Since the potential is a constant we can define it to be zero. The natural coordinate system to use is polar coordinates which greatly simplifies the Schrödinger Equation:

(-hbar

^{2}/2I) ∂^{2}/∂φ^{2}ψ = EψThis is identical to the very first problem we solved, expect we have traded translational properties (x, m) with rotational analogs (φ, I), a standard practice seen even in classical physics. This leads to, after normalizing, the following equation:

ψ(φ) = 1/√2π e

^{imφ}Continuity conditions demands that cyclic boundary conditions hold; that is, that ψ(φ + 2π) = ψ(φ). This restriction leads directly to quantization, and the quantum number m

_{l}can only take integral values. This restriction on m_{l}requires that both energy and position/displacement be quantized.Further, after constructing the appropriate operator, we see that we have a new quantized property arises naturally in angular momentum, called L

_{z}because the vector lies perpendicular to the plane of rotation.

Rotation in 3d is very similar but we need to use spherical coordinates...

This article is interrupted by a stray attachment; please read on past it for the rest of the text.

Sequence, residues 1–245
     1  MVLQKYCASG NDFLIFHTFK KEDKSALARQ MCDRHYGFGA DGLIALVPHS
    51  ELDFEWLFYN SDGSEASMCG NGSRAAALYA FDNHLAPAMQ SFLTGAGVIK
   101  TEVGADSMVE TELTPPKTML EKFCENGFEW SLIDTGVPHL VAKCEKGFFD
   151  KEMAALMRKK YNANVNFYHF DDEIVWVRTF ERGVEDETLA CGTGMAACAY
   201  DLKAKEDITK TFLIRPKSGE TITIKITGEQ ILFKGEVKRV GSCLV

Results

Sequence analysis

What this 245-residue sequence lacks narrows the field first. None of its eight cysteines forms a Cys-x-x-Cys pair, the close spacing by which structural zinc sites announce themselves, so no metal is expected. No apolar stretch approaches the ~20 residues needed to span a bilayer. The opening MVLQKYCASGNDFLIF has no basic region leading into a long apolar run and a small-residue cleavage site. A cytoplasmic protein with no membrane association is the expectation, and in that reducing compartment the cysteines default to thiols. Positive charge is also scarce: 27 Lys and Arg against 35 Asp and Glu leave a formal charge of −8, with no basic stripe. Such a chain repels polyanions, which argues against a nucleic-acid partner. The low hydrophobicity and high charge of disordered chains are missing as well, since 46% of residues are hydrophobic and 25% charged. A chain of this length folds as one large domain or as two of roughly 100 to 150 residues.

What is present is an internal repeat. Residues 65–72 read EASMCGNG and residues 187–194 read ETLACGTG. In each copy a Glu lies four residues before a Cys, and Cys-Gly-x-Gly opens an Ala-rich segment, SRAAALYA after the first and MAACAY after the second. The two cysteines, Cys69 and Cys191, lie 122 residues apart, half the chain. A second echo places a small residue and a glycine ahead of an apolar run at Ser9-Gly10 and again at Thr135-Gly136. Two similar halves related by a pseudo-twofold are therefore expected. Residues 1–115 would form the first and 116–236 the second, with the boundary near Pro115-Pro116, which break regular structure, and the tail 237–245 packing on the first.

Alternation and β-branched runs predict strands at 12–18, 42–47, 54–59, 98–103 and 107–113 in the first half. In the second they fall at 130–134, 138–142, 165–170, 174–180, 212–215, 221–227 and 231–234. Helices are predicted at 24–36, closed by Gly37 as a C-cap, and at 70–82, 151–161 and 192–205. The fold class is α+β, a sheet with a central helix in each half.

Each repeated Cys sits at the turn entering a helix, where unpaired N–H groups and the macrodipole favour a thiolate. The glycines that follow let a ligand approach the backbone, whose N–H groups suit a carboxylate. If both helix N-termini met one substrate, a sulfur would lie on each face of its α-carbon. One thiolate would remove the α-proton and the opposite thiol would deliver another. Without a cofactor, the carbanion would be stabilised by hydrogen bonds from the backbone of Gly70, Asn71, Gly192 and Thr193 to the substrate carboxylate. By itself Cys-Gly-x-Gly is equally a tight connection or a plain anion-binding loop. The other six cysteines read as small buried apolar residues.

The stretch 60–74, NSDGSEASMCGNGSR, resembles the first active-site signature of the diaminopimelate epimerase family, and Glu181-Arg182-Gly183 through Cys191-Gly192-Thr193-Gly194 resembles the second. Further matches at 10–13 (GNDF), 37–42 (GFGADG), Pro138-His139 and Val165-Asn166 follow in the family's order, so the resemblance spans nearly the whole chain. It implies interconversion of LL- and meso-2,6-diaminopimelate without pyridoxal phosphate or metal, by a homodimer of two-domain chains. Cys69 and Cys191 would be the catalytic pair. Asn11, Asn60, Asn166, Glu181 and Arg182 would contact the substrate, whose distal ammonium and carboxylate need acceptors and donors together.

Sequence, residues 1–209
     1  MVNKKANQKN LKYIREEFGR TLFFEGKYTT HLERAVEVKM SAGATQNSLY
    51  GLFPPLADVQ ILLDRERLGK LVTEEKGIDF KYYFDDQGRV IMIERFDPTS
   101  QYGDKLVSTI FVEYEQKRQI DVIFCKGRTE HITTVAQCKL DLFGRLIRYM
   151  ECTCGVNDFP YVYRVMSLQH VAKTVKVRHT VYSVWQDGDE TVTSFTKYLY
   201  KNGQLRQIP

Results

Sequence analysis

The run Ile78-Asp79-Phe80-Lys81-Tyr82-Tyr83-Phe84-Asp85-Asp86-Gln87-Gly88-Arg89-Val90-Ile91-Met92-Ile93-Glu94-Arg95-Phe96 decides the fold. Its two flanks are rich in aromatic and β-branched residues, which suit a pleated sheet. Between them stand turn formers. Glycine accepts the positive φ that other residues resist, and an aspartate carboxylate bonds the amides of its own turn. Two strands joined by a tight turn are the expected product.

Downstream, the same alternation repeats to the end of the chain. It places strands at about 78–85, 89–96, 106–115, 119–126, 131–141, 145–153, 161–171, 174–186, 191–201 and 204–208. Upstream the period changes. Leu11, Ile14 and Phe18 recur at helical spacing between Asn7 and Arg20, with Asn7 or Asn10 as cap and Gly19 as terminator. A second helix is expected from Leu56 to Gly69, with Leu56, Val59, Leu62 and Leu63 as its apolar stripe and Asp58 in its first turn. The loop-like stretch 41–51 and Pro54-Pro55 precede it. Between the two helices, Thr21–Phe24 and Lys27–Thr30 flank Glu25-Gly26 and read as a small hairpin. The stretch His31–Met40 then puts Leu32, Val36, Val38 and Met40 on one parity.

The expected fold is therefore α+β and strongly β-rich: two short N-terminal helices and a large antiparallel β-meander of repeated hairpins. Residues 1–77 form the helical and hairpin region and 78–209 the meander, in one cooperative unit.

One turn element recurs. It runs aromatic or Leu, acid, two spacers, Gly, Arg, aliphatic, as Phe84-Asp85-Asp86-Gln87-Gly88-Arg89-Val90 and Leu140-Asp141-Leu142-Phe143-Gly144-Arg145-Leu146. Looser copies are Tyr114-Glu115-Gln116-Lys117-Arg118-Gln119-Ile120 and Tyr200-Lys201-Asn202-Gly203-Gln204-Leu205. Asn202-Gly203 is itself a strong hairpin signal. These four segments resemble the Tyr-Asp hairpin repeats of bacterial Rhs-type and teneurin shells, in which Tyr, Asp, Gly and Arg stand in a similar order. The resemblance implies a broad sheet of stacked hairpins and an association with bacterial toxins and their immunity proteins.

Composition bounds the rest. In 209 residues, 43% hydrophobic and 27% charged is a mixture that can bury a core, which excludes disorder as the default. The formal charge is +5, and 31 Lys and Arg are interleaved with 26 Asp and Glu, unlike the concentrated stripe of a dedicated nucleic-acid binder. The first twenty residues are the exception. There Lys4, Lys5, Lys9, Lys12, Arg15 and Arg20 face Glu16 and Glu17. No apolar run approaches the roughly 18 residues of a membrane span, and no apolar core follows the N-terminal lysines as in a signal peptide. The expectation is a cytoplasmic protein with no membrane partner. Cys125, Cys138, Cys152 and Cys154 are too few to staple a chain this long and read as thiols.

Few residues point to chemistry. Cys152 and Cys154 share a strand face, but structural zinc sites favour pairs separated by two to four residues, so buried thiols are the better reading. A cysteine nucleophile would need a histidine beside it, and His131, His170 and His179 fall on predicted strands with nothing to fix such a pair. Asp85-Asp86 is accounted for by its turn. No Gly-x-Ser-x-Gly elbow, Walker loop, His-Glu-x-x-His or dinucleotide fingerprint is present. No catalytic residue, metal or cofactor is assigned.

## 4 comments:

For the radial part of the wavefunction, we are given two different equations. On the equation sheet from the quiz, we have the Laguerre equation as a function of rho. However, on the handouts in class and notes, it is a function of rho/n. Which is it?

The handouts are correct. Thanks for pointing that out.

When drawing the probability diagram for a particle in a 2D box, (where nx = 2 , ny = 3), do you include the (+) and (-) in the boxes? How would you depict the nodes?

When you're referring to probability, the value can never be negative; thus it can only be zero or positive. For this reason, we often don't even bother writing the +'s and indicate the nodes with a line (just as in the wavefunction plots).

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